Nicholas Kristoff on the death penalty

Nicholas Kristoff has published an opinion piece in the New York Times on the death penalty: When We Kill.

He looks and reasons in favor of the death penalty and counters them, often relying on studies and specific cases. Read the whole article, but here is Kristoff’s summation:

There is no evidence that the death penalty deters. It costs hundreds of thousands of additional dollars per prisoner. It is steeped in caprice, arbitrariness and racial bias. It is fallible — and when it fails, it undermines the legitimacy of our judicial system.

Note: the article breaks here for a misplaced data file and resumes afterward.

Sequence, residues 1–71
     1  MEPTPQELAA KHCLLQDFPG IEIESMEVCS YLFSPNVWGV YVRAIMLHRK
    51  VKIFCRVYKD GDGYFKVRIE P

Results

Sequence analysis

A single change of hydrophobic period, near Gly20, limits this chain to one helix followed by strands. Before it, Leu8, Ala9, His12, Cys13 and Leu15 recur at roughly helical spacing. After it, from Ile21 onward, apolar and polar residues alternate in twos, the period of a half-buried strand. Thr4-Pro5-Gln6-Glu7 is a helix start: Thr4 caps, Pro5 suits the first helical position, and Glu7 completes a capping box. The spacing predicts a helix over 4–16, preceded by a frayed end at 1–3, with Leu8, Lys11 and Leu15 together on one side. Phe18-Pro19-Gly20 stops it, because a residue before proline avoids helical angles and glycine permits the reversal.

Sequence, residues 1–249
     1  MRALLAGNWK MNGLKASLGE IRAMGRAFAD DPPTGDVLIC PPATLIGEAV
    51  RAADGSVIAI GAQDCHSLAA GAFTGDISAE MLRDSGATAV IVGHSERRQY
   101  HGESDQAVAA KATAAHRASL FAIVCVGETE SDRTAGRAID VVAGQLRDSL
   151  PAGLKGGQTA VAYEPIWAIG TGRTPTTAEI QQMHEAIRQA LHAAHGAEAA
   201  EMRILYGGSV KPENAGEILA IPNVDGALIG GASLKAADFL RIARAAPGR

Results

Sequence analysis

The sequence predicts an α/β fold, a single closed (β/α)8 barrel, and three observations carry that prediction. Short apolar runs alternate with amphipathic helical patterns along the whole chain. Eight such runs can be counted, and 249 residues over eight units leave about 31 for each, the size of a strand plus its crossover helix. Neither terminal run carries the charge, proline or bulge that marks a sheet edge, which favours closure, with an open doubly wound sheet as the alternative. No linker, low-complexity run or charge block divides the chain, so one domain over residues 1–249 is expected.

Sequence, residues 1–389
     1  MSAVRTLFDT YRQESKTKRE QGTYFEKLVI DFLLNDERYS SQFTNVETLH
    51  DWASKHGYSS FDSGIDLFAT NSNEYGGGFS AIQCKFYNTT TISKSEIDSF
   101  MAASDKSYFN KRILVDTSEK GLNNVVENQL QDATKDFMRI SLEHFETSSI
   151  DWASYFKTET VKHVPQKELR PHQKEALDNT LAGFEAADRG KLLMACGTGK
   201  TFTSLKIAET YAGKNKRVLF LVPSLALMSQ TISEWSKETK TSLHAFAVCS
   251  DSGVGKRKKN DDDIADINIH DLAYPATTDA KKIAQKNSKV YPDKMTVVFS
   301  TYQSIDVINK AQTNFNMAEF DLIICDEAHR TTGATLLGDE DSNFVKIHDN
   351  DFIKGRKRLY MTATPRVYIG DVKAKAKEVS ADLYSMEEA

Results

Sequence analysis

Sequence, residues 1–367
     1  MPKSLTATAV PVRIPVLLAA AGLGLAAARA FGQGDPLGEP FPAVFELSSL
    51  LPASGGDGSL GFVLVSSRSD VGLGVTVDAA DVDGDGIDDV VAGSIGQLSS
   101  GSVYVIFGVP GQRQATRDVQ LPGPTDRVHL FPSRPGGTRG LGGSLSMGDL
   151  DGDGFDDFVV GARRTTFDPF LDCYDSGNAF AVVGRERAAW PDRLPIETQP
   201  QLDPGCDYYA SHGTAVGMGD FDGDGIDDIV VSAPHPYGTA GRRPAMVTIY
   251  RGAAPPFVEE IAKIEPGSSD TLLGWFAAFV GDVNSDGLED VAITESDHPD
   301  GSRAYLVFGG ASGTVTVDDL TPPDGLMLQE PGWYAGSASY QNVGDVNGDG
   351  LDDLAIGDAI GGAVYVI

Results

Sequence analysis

Kristoff also notes that:

One peer-reviewed study suggested that at least 4.1 percent of those sentenced to death in the United States are innocent. With more than 2,700 Americans on death row, that would imply that more than 110 innocent people are awaiting execution.

Wouldn’t killing one innocent person be one too many?

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Filed under Current Events, Death Penalty, Human Rights

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